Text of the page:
We are a nation of gym junkies and thanks to our collective pursuit of leaner bods and bigger muscles the protein supplement market is booming.
The Australian nutrient product market is estimated at $805 million, with protein bars accounting for $105 million.
Globally, the whey protein – one of the most effective forms of protein for muscle building – market is projected to reach $US9 billion by 2022.
The trouble is that most people get more than enough protein from whole food sources like milk, meat, soy products and eggs as part of a normal, healthy diet.
For the average gym-goer who hits the weights room once or twice a week, protein powder is at best superfluous and at worst a health risk.
More than enough
Associate Professor Tim Crowe from the School of Exercise and Nutrition Sciences at Deakin University says there’s no doubt the combination of strength training and sufficient protein stimulates muscle growth.
But, because most people eat enough whole food sources of protein to fuel even an athlete’s training schedule, protein powders are usually unnecessary.
“The recommended amount is about 1.2g of protein for every kilo of body weight,” he says.
“The average Australian diet already gives that and even that’s recommended for athletes not just regular gym-goers who need much less.
“Protein powders promise additional benefits that potentially your diet won’t be able to give you, but that’s completely false.”
Gabrielle Maston, an accredited practising dietitian and spokesperson for the Dietitians Association of Australia, says the only exception may be people undertaking intensive training for more than one hour per day on five or more days per week.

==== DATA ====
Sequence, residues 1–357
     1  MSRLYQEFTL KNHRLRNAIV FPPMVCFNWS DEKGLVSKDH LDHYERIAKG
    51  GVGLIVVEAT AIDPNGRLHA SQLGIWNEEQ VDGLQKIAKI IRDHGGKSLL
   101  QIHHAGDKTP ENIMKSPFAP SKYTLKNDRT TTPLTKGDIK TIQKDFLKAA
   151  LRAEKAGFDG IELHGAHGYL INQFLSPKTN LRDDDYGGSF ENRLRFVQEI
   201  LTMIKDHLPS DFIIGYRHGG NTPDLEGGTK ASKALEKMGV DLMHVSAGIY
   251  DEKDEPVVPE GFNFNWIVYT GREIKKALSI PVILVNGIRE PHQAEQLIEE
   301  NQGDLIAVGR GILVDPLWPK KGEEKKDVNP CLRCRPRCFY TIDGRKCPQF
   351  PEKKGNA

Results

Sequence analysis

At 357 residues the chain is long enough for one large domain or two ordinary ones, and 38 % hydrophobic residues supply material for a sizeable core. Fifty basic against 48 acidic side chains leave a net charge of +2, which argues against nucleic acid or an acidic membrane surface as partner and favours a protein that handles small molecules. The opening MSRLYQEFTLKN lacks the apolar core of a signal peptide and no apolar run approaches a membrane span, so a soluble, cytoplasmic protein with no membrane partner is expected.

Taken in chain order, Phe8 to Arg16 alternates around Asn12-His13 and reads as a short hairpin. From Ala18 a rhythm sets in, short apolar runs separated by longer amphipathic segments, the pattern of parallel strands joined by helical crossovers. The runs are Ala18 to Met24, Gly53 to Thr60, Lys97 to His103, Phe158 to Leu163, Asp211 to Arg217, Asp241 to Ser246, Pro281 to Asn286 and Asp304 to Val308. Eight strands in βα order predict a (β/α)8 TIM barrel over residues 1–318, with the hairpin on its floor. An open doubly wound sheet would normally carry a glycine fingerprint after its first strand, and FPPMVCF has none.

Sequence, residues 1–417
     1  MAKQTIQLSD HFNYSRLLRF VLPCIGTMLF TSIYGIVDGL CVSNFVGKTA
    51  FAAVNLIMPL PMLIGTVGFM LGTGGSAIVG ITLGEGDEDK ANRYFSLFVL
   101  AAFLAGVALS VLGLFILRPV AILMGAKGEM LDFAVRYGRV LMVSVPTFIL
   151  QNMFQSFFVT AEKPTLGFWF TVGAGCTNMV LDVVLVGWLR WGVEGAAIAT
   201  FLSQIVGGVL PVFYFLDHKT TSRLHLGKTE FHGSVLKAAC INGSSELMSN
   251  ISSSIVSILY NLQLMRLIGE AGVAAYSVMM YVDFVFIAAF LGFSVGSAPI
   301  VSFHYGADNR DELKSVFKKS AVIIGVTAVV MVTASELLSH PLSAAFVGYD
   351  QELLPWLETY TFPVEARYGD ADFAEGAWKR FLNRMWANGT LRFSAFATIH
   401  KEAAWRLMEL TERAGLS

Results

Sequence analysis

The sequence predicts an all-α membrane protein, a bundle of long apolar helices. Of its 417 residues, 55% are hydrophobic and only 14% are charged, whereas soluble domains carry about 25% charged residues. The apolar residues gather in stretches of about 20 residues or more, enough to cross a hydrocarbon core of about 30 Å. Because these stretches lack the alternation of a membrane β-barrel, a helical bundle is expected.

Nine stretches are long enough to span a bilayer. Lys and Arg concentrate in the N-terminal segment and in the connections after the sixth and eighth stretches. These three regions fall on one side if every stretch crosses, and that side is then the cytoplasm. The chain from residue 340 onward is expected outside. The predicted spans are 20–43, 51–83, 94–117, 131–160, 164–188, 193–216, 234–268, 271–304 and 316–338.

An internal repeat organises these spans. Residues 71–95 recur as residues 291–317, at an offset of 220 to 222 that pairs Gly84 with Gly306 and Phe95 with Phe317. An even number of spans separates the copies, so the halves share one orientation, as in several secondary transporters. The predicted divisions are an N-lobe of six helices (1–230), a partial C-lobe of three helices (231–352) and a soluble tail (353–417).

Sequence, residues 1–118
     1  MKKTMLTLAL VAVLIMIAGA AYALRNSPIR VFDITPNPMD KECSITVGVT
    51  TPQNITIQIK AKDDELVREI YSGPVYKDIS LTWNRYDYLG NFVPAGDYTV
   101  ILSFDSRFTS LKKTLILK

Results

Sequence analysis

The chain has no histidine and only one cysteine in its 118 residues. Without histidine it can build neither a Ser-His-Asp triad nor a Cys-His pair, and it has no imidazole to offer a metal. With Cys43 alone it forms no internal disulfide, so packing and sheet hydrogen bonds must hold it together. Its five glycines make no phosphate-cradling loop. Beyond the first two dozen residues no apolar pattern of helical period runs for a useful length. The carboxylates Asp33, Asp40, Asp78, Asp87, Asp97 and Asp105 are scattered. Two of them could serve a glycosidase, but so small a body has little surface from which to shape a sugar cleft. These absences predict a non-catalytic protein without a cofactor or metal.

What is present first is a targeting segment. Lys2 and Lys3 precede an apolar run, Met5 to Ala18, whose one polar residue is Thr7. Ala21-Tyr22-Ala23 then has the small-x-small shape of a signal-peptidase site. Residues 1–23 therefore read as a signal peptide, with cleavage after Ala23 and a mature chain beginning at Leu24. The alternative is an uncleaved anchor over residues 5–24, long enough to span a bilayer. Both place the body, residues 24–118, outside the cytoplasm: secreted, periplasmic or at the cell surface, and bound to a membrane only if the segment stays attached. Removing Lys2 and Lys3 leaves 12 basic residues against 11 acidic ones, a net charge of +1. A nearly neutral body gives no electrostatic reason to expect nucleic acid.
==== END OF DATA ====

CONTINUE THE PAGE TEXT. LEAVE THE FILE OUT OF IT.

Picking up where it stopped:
“If someone is doing a lot of weight training or really high-intensity athletic training, that may warrant the use of protein powder,” she says.
“But if you’re just turning up to the gym and doing regular aerobic classes and occasionally lifting weights you will get enough protein out of your diet from following the healthy guidelines – having a few pieces of animal products during the day and your servings of dairy, or vegetarian alternatives.”
The high-protein diet
Protein can aid weight loss because it improves satiety, requires more energy than fat or carbohydrate to process and store in the body, and helps reduce the loss of muscle mass, which burns fat.
Indeed, studies have shown that a high-protein, low-GI carbohydrate-based diet is one of the most effective for weight loss.
However, Ms Maston says protein bars and shakes are often higher in calories than whole food sources of the nutrient, which can have the opposite effect on weight-loss efforts – especially if you’re consuming too many.
“I’ve seen it happen – people have a lot of the powder, two to three scoops in each shake several times day, then wonder why they start to put on body fat,” she says.
“So it’s not just about building muscle but also keeping your energy intake matching what you’re expending in terms of your exercise levels.”
Plus, Ms Maston says low-quality protein powders that haven’t been lab tested may pose health risks.
“Different brands of protein powder have different impurities in them, and we have to be careful using supplements in general because it’s not a regulated industry – it falls within the grey area as it’s not a food or a medicine.
“There have been studies to show that there’s a lot of heavy metal contaminants in some protein powders. If you’re using quite a lot of those supplements you could cause health problems from impurities that are in poor-quality protein powders.”
Ultimately, Associate Professor Crowe says it’s best to concentrate your efforts on clocking up more time in the gym – which, unlike protein consumption, is an area where most Australians are lacking.
“The biggest thing people should focus on is working harder in the gym to get that muscle growth in the first place,” he says.